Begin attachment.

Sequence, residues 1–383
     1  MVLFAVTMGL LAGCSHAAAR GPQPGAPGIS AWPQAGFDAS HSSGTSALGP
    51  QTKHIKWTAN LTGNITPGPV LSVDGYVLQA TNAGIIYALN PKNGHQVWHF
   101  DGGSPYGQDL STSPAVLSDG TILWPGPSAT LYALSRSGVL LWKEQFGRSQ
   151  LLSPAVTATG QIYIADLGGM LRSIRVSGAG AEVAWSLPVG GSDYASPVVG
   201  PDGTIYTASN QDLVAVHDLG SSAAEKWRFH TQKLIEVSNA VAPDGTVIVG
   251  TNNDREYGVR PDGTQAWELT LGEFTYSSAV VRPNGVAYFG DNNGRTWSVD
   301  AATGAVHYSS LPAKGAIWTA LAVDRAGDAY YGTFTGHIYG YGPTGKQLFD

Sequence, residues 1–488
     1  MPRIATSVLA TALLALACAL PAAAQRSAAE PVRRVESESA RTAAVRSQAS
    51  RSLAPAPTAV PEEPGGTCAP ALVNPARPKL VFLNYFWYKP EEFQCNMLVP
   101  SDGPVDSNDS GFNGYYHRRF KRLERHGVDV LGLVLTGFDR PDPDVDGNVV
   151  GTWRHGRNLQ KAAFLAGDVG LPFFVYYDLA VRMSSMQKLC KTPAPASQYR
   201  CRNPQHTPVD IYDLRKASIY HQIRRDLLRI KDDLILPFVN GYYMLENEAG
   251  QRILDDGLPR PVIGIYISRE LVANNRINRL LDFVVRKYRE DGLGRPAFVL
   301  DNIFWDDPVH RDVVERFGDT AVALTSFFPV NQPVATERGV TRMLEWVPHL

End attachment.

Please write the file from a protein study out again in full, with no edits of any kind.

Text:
Sequence, residues 1–383
     1  MVLFAVTMGL LAGCSHAAAR GPQPGAPGIS AWPQAGFDAS HSSGTSALGP
    51  QTKHIKWTAN LTGNITPGPV LSVDGYVLQA TNAGIIYALN PKNGHQVWHF
   101  DGGSPYGQDL STSPAVLSDG TILWPGPSAT LYALSRSGVL LWKEQFGRSQ
   151  LLSPAVTATG QIYIADLGGM LRSIRVSGAG AEVAWSLPVG GSDYASPVVG
   201  PDGTIYTASN QDLVAVHDLG SSAAEKWRFH TQKLIEVSNA VAPDGTVIVG
   251  TNNDREYGVR PDGTQAWELT LGEFTYSSAV VRPNGVAYFG DNNGRTWSVD
   301  AATGAVHYSS LPAKGAIWTA LAVDRAGDAY YGTFTGHIYG YGPTGKQLFD

Sequence, residues 1–488
     1  MPRIATSVLA TALLALACAL PAAAQRSAAE PVRRVESESA RTAAVRSQAS
    51  RSLAPAPTAV PEEPGGTCAP ALVNPARPKL VFLNYFWYKP EEFQCNMLVP
   101  SDGPVDSNDS GFNGYYHRRF KRLERHGVDV LGLVLTGFDR PDPDVDGNVV
   151  GTWRHGRNLQ KAAFLAGDVG LPFFVYYDLA VRMSSMQKLC KTPAPASQYR
   201  CRNPQHTPVD IYDLRKASIY HQIRRDLLRI KDDLILPFVN GYYMLENEAG
   251  QRILDDGLPR PVIGIYISRE LVANNRINRL LDFVVRKYRE DGLGRPAFVL
   301  DNIFWDDPVH RDVVERFGDT AVALTSFFPV NQPVATERGV TRMLEWVPHL